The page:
On the night of July 24, Jordan agreed to release the Israel security guard who shot and killed the attacker. That same night, Israel announced it would dismantle the metal detectors that were installed near the Temple Mount.

Israel clumsily insisted that these two events were separate, but we all know the truth. A mishap in Jordan provided the prime minister with the ladder he needed. Yes, it is somewhat humiliating to announce with such bravado that the rules are changed — and then cave under the pressure of violent response. But the public is more forgiving when the excuse for caving is the urgent need to save one of our warriors besieged in a foreign country.

As a political event, this was a problematic moment for Netanyahu. He exposed himself to criticism from the left — why did you not think before acting? And from the right — why did you cave under pressure? As a security-related decision, it also was problematic: The decision to change course means that security is not a priority, or that the detectors were never really needed, or that better options were available.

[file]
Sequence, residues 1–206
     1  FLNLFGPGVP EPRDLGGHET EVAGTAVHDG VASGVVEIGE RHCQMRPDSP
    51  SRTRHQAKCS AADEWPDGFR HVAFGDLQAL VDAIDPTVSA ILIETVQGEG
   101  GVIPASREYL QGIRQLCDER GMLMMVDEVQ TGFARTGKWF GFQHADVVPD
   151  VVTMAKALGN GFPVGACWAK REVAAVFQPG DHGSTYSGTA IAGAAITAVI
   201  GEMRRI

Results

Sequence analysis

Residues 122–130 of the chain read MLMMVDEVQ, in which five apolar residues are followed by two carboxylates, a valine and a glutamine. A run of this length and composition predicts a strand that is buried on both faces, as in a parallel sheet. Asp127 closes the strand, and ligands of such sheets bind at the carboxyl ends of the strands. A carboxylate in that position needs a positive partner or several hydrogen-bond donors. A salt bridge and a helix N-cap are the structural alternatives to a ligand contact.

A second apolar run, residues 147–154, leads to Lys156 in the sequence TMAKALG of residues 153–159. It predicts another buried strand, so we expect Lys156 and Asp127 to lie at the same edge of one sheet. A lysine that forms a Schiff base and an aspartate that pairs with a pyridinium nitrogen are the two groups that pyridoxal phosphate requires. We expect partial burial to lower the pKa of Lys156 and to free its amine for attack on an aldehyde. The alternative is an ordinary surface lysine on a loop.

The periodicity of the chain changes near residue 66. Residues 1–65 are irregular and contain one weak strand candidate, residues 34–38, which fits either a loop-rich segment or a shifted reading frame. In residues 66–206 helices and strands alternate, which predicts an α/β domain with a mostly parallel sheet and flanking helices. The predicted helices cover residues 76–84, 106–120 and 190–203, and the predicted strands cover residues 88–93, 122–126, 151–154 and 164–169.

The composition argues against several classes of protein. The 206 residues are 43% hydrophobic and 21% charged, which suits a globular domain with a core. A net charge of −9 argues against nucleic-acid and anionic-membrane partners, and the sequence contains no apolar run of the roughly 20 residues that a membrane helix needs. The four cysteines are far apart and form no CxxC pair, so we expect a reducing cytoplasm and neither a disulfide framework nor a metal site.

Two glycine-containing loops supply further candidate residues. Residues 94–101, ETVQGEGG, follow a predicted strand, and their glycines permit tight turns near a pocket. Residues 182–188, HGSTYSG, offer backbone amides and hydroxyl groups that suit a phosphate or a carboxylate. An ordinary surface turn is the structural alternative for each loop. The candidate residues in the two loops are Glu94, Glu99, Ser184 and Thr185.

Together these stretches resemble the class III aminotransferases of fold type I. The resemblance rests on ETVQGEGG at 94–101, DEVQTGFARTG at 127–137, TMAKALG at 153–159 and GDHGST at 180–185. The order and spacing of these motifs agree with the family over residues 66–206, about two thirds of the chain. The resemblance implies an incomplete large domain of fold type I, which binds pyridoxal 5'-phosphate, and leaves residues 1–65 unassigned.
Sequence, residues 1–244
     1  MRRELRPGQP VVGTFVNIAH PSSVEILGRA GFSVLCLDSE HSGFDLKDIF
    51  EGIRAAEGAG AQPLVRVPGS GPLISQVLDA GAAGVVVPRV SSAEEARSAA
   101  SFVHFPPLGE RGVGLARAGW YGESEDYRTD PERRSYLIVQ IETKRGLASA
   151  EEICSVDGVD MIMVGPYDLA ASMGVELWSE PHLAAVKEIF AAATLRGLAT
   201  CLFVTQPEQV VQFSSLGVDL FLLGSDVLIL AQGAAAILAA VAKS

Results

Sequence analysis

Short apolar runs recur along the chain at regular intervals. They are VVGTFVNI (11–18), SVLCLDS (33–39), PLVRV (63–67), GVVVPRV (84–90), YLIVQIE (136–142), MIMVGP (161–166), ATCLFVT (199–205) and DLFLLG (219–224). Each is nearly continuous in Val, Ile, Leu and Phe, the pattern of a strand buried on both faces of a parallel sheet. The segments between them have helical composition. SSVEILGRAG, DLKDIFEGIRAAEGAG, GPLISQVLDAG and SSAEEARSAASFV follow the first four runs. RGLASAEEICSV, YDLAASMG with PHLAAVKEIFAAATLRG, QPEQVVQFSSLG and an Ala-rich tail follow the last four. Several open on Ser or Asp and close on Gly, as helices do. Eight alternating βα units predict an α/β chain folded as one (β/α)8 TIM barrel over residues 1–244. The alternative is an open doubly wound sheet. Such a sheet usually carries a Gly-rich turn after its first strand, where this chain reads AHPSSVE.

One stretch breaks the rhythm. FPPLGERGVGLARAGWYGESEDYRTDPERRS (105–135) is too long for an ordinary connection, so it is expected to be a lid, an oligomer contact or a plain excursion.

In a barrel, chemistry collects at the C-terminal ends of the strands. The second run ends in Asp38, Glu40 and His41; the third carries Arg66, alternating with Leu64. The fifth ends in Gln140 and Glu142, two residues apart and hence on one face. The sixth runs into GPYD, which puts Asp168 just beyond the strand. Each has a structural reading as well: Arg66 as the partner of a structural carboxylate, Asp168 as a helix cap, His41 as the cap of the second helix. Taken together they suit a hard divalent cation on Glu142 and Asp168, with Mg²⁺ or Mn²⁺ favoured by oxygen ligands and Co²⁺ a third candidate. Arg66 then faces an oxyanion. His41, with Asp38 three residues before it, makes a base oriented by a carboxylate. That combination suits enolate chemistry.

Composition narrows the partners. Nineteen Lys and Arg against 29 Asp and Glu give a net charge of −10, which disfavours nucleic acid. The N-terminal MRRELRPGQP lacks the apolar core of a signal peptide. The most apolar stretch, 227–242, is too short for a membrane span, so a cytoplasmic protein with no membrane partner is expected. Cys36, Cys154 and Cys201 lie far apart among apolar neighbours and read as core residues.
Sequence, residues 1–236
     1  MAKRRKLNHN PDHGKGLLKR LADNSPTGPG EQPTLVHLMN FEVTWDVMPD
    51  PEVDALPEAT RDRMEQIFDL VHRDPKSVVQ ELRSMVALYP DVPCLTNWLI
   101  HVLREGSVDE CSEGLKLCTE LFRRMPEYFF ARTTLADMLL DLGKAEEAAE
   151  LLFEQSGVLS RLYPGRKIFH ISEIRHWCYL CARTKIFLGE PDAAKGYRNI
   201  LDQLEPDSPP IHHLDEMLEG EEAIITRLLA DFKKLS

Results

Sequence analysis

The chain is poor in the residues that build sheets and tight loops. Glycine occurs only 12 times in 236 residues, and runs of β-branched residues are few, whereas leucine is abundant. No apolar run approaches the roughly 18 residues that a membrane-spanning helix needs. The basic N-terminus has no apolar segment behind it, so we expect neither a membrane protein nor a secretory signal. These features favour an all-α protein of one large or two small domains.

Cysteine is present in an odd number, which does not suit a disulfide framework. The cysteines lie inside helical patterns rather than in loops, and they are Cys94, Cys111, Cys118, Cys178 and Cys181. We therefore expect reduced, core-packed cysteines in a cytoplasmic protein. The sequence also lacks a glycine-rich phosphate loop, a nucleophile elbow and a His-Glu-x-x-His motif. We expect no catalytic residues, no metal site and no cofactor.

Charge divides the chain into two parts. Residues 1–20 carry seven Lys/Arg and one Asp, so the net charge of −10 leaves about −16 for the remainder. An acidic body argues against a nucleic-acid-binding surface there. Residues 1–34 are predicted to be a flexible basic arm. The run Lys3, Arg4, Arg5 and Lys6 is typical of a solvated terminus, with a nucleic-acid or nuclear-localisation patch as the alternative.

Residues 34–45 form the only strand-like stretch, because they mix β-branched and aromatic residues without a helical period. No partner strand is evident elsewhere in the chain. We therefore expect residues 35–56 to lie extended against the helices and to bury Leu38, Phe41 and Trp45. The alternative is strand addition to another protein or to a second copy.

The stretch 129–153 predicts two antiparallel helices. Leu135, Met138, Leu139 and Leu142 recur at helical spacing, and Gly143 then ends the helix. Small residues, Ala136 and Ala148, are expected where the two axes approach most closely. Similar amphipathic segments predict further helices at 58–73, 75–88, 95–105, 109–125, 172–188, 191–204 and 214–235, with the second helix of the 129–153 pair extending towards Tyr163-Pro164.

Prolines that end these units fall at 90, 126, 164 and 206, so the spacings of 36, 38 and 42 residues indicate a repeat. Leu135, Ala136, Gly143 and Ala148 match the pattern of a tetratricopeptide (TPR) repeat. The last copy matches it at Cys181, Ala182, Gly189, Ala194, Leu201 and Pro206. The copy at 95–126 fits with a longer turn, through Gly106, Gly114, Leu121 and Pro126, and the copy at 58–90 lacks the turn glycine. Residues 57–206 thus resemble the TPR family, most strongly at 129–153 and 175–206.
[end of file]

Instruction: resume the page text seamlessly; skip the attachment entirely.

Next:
But most of all, this month created an image problem for Israel. It created the impression that the Temple Mount is too sensitive and too explosive for Israel to truly rule it, as it claims to do. It created the impression that violence against Israel changed its leaders’ minds. Both these impressions are dangerous. They are dangerous because they undermine Israel’s claim to the Temple Mount. They are dangerous because caving to violence is an invitation to more violence.

There is no better time than the first nine days of the month of Av to remember that the Temple Mount is a place where violence is a recurring problem. It is a place where plans made by leaders are frequently aborted. It is a place where a clash of religious sentiments is not a rare occurrence.

Jews believe the Temple Mount is the biblical Mount Moriah, where an angel intervened to stop Abraham from following God’s command to slay Abraham’s son Isaac and later became the site of the First and Second Temples until they were destroyed.

Israeli security forces remove metal detectors which were recently installed at an entrance to the compound known to Muslims as Noble Sanctuary and to Jews as Temple Mount in Jerusalem’s Old City July 25, 2017. REUTERS/Ammar Awad

 

In the mid-first century, writing about the Jewish Temple several decades after its destruction, the Jewish historian Josephus seemed to expect that the Temple would be rebuilt. But the Roman general Titus already advanced the idea that the defeat of the Jews was a main justification for his and Vespasian’s seizure of power in Rome. Another Roman, the pagan Julian, planned to rebuild the Temple almost 300 years after its destruction. His plan was designed, it has been said, more to insult the Christians than to please the Jews.